(RepublicanDaily.org) – Back in March 2020, then-President Donald Trump signed the CARES Act into law, providing different types of financial relief for those unemployed due to the COVID-19 pandemic. Some benefits have received extensions, but time is running out for millions of beneficiaries.
7.5 Million Fewer People on UI Benefits From Labor Day
According to The Century Foundation, unemployment insurance (UI) benefits arising from the CARES Act will expire for around 7.5 million Americans on Labor Day (September 6). Many people receiving ordinary unemployment insurance will no longer receive the $300 supplement the law provided.
Experts call this single cutoff date a “benefits cliff,” as it will change living circumstances for so many people at once. The shock will reportedly hit people of color and working mothers the hardest. Congress could act to reverse this situation. However, the Biden administration has indicated it wants to stick to the original September 6 deadline.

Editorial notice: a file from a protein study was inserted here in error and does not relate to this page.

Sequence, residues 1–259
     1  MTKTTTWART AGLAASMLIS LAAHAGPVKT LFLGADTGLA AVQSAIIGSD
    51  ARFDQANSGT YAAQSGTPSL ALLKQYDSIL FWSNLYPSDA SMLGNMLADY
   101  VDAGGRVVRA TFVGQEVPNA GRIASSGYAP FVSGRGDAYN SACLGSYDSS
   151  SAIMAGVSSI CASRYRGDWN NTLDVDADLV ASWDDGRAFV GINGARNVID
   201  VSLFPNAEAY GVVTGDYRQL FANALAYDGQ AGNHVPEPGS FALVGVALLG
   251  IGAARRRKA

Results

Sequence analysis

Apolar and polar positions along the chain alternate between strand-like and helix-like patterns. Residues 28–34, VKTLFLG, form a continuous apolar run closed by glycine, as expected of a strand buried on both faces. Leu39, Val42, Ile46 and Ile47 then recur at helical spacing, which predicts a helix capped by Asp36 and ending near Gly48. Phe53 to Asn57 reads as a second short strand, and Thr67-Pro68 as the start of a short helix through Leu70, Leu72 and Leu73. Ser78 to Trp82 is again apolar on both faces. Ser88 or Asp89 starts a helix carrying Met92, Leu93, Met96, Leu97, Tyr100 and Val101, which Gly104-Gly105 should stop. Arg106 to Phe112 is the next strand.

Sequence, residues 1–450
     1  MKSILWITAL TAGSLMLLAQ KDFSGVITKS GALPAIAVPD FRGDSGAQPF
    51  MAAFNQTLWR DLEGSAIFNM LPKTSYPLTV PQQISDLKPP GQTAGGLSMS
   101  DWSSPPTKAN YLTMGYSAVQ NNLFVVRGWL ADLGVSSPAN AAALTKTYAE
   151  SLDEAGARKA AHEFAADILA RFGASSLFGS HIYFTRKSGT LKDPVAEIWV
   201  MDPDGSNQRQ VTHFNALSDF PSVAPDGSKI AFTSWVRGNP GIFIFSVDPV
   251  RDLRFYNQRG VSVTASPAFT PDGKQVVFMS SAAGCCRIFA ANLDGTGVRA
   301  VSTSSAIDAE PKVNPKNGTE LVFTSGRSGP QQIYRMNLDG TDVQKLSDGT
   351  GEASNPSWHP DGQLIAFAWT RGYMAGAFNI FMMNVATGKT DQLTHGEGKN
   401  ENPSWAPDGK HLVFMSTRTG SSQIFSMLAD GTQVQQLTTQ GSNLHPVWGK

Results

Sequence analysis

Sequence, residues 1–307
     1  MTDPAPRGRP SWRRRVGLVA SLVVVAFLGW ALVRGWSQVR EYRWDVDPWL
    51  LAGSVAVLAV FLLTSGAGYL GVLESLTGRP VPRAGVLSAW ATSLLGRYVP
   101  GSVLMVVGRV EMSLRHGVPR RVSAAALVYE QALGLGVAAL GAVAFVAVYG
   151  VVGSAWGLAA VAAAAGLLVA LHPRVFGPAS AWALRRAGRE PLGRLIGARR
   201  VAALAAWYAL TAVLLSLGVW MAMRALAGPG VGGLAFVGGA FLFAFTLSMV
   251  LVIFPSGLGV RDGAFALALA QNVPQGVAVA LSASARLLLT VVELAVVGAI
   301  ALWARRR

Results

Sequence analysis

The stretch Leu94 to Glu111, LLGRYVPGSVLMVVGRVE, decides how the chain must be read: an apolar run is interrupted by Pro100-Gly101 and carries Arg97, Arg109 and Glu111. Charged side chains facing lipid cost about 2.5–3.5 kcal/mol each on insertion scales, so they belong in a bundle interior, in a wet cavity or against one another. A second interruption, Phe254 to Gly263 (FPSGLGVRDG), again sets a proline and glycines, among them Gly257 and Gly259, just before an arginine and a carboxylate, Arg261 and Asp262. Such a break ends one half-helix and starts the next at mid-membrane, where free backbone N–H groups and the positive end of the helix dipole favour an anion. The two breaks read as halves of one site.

What Does That Mean?
Policymakers came up with the Labor Day deadline before the surge of the COVID-19 Delta variant. That latest virus strain has slowed America’s emergence from the pandemic, and unemployment figures reflect this. Jobless claims rose this week for the first time in five weeks, though the overall figure remains close to its lowest point since the onset of the pandemic.
However, another economic issue has people wondering whether this loss of benefits might be a good thing. The nation is currently in the grip of a labor shortage. There were over 10 million job openings at the end of June, and businesses across the US have reported difficulties finding workers. When this situation first arose, analysts were blaming the generous benefits people were receiving while unemployed. They speculated the free money was reducing the general appetite for work.
There’s some evidence to support this idea, too. Earlier in the year, 25 states with GOP governors decided to cut the $300 weekly benefits supplement. Now, the emerging evidence suggests these states have made a healthier recovery relative to their pre-pandemic employment levels than their Democratic-led counterparts.
Of course, employment figures aren’t everything. Many Americans will end up falling through the cracks after Labor Day, unable to support themselves because of the pandemic, and no longer entitled to assistance from the government. It looks like Congress will need to figure out how exactly to move forward in a way that benefits both employers and the unemployed.
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